How my experience helped to make M&S a more accessible retailer
This year’s International Day of People with Disabilities is an important reminder to businesses that helping every customer to shop with confidence can make a real difference.
For those of us with disabilities, our assistance dogs help us to get around safely and independently. The support of my guide dog, Brett, means I can get on with daily activities just like everyone else – from work, to meeting friends, to shopping. So, the thought of not having him by my side instantly makes me feel stressed.
Last January, I was mistakenly informed by an M&S colleague at the Charing Cross store that Brett wasn’t allowed to enter. Like everyone else in the store that evening, I simply wanted to buy some food for dinner, but it suddenly became an impossible task. The sad truth is, whilst assistance dog users have legal rights, it wasn’t the first time it had happened to me on the high street and likely won’t be the last. Almost every retailer has, at some point, wrongly refused entry to Brett.
After complaining to retailers about these experiences, more often than not I receive impersonal, template responses. I had been used to preparing for legal action, because I’d all but given up hope that national retailers would learn or change. So, I initially believed it’d be no different with M&S, but I couldn’t have been more wrong. Not only did M&S admit they made a mistake, but they were open to listen and learn to make it right.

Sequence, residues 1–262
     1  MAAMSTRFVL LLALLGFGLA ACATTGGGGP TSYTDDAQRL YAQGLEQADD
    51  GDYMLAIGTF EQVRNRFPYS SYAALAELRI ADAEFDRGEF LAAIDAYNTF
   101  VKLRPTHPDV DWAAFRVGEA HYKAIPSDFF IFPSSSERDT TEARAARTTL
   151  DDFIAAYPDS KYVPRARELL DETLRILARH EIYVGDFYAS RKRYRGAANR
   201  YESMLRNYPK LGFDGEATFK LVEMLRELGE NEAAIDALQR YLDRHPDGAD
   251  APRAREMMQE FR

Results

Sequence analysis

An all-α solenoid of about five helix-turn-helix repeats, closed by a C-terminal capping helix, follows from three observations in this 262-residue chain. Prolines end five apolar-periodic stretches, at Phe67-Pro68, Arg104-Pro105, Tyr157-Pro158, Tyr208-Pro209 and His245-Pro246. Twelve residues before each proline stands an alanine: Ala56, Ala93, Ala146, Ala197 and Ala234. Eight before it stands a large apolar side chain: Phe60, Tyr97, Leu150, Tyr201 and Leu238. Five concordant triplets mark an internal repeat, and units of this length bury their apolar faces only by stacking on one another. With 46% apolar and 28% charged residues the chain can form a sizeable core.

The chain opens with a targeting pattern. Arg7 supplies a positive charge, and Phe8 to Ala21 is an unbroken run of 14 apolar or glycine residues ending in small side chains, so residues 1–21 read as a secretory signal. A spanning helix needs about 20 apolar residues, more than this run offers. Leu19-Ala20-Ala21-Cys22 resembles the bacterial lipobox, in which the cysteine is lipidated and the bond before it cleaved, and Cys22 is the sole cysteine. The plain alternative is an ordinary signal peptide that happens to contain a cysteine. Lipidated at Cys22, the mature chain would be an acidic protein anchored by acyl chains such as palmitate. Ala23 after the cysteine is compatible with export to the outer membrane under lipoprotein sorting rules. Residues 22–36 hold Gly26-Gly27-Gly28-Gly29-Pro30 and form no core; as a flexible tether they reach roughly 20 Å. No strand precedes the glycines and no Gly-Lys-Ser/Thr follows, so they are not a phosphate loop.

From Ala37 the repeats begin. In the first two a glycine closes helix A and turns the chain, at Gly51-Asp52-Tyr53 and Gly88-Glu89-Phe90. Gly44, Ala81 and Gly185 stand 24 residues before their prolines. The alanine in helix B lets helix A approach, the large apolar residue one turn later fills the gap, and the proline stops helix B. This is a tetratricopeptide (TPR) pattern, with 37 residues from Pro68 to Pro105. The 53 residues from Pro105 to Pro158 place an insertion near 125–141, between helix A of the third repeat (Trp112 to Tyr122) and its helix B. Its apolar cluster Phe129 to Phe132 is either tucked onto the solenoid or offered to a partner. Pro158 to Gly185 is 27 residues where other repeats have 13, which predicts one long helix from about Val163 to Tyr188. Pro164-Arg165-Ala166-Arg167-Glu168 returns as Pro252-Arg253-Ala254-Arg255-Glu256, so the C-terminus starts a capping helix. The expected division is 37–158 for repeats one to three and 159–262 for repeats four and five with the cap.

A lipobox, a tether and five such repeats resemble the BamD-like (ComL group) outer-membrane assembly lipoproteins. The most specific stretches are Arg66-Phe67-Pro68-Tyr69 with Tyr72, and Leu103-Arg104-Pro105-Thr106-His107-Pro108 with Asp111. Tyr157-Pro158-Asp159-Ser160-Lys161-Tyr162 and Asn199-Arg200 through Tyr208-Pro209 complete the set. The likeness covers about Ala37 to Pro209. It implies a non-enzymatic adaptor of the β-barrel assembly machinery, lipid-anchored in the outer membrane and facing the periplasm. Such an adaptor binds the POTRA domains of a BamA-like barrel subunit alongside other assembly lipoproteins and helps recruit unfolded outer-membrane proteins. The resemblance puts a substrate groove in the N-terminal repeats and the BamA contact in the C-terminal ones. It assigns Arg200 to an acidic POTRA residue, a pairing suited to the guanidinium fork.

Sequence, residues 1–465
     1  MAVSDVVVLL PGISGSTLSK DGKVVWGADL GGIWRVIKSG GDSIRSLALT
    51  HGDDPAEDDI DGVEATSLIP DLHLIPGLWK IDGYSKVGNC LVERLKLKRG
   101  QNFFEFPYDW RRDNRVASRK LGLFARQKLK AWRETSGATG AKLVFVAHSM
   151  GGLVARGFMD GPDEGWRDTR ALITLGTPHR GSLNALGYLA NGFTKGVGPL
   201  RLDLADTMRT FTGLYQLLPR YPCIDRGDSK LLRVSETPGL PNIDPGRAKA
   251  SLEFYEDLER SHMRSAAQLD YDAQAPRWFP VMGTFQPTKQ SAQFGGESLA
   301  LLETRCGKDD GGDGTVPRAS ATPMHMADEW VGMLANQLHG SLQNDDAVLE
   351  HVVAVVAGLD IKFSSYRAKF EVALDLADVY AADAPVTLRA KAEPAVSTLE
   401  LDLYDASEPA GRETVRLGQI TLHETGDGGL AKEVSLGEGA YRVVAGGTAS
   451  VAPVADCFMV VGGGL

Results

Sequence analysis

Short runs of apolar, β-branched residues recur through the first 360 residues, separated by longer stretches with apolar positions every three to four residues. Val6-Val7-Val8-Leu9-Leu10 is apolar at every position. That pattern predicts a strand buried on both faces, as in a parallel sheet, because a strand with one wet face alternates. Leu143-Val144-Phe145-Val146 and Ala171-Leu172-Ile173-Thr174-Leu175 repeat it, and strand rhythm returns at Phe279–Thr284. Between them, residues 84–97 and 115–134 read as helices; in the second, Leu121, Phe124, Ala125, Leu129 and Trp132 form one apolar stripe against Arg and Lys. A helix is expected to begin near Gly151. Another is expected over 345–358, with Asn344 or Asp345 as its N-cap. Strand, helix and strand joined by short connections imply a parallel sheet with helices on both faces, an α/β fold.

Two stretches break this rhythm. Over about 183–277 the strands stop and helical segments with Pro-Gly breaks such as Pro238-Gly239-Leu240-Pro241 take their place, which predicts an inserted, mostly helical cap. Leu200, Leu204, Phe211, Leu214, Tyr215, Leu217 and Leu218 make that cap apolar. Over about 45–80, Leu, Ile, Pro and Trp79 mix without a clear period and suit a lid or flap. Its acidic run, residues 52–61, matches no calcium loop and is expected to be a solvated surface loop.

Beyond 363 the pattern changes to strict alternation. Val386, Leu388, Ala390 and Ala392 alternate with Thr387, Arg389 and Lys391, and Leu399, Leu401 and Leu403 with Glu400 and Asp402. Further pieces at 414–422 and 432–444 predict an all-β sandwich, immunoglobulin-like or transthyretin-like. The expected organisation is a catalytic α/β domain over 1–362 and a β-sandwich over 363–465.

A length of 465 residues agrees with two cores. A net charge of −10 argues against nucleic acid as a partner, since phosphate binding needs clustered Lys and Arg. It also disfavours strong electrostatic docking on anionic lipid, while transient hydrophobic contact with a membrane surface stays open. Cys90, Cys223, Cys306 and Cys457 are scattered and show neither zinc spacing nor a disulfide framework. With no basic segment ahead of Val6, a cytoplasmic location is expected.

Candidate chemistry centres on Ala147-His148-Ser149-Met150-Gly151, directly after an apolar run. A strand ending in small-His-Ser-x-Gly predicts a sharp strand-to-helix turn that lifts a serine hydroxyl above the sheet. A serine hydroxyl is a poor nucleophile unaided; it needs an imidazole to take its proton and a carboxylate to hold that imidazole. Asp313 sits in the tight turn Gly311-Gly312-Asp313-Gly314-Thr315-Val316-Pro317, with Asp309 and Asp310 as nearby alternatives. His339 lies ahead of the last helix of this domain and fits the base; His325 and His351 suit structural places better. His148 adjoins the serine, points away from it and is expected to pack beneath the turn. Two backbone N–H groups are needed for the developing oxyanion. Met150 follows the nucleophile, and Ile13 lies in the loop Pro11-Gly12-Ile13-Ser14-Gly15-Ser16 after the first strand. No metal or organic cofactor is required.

I could see from our early exchanges that M&S was committed to make change happen. I was keen to offer help based on my own experiences and together with the Royal National Institute of Blind People, we organised a meeting with M&S’s accessibility team. For the first time, it felt like our needs were being heard loud and clear by a major retailer.
Several meetings later, we started to develop meaningful training for colleagues working in stores up and down the country around assistance dog awareness. Our mission was to ensure that every M&S colleague could better understand their role in supporting customers with disabilities and how to identify assistance dogs so that no customer is wrongly refused entry again. Despite all the challenges of Covid, launching the training remained a priority and last month, it finally became a reality.
The training resources are truly engaging and interactive with quizzes and videos – including one from me about my story – and all M&S colleagues have been asked to complete the course. This initiative, together with the AccessAble guides available for every M&S store and the sunflower lanyards provided for customers, will go a long way to help make positive change now and in the future.
I’m incredibly proud to have played a part in helping to create a more accessible future for M&S customers. This is by far the most inspiring response I’ve seen from any retailer and demonstrates M&S’s genuine commitment to becoming a more inclusive place to work and shop.